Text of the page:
In an emergency, what comes first: savings or credit?
Ask any finance expert and they'll say the most important priority for most Canadians is creating an emergency fund. It should cover three months' living costs at the minimum -- six to eight months' is optimal -- in case you lose your job or have some urgent one-off expenses. For most people, that means socking away at least $10,000.
However, according to a 2017 Manulife Bank survey, one in five Canadians are not prepared for a financial emergency. More than half of those surveyed (51 per cent) have $5,000 or less set aside to deal with a financial emergency while one fifth have nothing.
"In credit counseling, we see people who've had unfortunate circumstances," says Pat White, executive director of Credit Counselling Canada. "It's quite sudden and emergency savings set aside can make a huge difference so you don't have to use credit and go into debt."
Emergency circumstances may include medical expenses, job loss, a car dying and unexpected home repairs. Those are the issues that worried Canadians most, according to the survey.
But when the emergency isn't clear cut, such as a broken fridge or your annual car inspection that you forgot to budget for, it can be hard to know if you need to dig into your carefully-saved (and maybe limited) funds, or just grab your credit card.
Two credit counselling experts weigh in on how to determine if your situation is a crisis, and which account to hit: savings or credit.
What constitutes an emergency?
"An emergency is an event that's unexpected and catches you out of the blue," White says. "You aren't prepared for it." True emergencies have a high sense of urgency to them.
That means that while job loss or a broken hot water tank are true crises, finding out that you're the only person in your group of friends without tickets to that pricey music festival is not. Additionally, if you simply forget to budget for something, such as your annual HOA fee, Christmas or your annual car inspection, it may be an immediate, unplanned cost, but it isn't considered an emergency.
"Sometimes an emergency isn't an emergency," White says. "It's poor planning."
Some situations tread the line. For instance, if your car breaks down, you may feel the need to dip into savings to put a down payment on a new one. However, if you can take public transportation or carpool, this purchase may not be a pressing need, and could be something you save for separately instead.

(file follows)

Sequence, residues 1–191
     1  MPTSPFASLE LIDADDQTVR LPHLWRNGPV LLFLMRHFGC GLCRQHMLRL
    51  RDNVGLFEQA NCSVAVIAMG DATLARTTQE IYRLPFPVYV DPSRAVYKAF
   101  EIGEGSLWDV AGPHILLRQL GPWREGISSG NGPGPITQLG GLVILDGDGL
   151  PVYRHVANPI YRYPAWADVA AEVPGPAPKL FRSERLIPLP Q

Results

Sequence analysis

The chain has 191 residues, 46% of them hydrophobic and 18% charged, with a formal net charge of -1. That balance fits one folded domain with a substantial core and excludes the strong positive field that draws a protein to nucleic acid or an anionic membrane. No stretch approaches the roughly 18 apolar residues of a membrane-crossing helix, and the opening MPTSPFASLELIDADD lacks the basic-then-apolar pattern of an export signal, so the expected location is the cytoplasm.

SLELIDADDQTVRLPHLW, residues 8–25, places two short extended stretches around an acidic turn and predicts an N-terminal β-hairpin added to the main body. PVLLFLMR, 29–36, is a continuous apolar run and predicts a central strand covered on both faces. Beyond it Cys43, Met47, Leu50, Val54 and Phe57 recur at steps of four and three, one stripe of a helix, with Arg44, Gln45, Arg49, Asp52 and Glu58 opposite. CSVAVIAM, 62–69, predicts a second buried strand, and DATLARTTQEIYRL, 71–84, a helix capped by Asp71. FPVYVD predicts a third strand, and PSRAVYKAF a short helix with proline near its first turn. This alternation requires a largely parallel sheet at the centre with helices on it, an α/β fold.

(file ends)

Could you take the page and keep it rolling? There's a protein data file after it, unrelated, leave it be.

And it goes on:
Emergency fund or credit?
Whether you should dip into your savings or pull out plastic depends on the cost of the emergency, the experts say. If it's nominal, such as a $300 deductible for a car insurance claim, you can swipe your card, but only if you have a repayment plan in place for the sum.
"If it's something you can manage, you can leave your emergency funds intact," says Brian Pritchard, a credit counsellor and senior vice president at BDO Canada.
It may even be a life lesson: you might realize you need to reorganize your budget to account for annual costs or you need to kick-start an emergency fund.
However, some situations are ongoing, such as a job loss or health issue. In that case, you'll need to reorganize your budget. You may even need to access other savings, such as a Tax-Free Savings Account (TFSA).
Try not to rely on your credit card unless absolutely necessary, and do not underestimate the severity of the situation. Seek help before you get to the point of using other savings or credit, White says. Visit a credit counsellor who may help you with budgeting, informing your creditors of your predicament and setting up a plan for the tumultuous months ahead.
"If people are laid off, they hope they're going to get a job or something will change and they live the lifestyle they did when they worked," says White. "You need to make serious changes before it snowballs."
And if you do turn to credit, make sure you've exhausted all reductions in your spending, Pritchard says.
"Credit is easy to use in an emergency but it's easy to rack up with a sizeable expense because of interest on the debt," he says. "It's just going to continue to escalate until you're through the crisis."
Finally, once you've recovered from the emergency, it's important to aggressively repay the debt and rebuild your savings, even if it means continuing to live off your revised budget until you're back in a stable place.See related: 7 tips for staying out of debt when unemployed, 5 factors in choosing a debt consolidation plan, Is 'fear of missing out' driving millennials into debt?
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